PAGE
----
Apple and several of the nation's largest book publishers were hit with a federal antitrust lawsuit on Wednesday for allegedly colluding to fix e-book prices.
According to the complaint, filed by the U.S. Department of Justice, at least five publishers—Simon & Schuster, HarperCollins, Hachette, Penguin and Macmillan—conspired with Apple to fix prices for e-books ahead of the 2010 launch of the iPad tablet and iBookstore, forcing Amazon to raise prices for e-books on the rival Kindle.
Simon & Schuster, HarperCollins and Hachette have already settled with the Justice Department. According to Bloomberg, Apple and Macmillan "have refused to engage in settlement talks" and "deny they colluded to raise prices for digital books." Penguin plans to fight the lawsuit too, Bloomberg said.
Before the iPad came along, publishers had complained that Amazon's $9.99 price for e-books was too heavily discounted. When the iPad made its debut, most e-books sold by Apple were priced at $12.99, with the Cupertino, Calif.-based company allowing publishers to set their own prices—known as the "agency model." Amazon soon allowed publishers to set their own prices, too, driving up the prices of digital editions.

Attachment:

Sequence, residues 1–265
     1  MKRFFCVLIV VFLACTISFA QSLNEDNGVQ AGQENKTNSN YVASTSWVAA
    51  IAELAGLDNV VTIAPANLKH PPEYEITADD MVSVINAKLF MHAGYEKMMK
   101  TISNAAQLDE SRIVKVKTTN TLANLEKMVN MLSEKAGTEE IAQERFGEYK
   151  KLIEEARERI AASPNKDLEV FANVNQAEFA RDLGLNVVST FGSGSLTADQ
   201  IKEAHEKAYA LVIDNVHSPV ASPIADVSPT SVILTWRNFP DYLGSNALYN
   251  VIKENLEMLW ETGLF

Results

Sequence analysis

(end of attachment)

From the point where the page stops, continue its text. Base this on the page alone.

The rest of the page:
"Apple facilitated the [publishers'] collective effort to end retail price competition by coordinating their transition to an agency model across all retailers," the suit alleges.
A class action lawsuit filed in California District Court last summer by Kindle consumers was the first to allege a conspiracy, CNNMoney.com noted. According to that suit, "booksellers were 'terrified' by the discounted e-book price structure Amazon launched in 2007." The "spooked publishers" colluded with Apple to force Amazon's hand.
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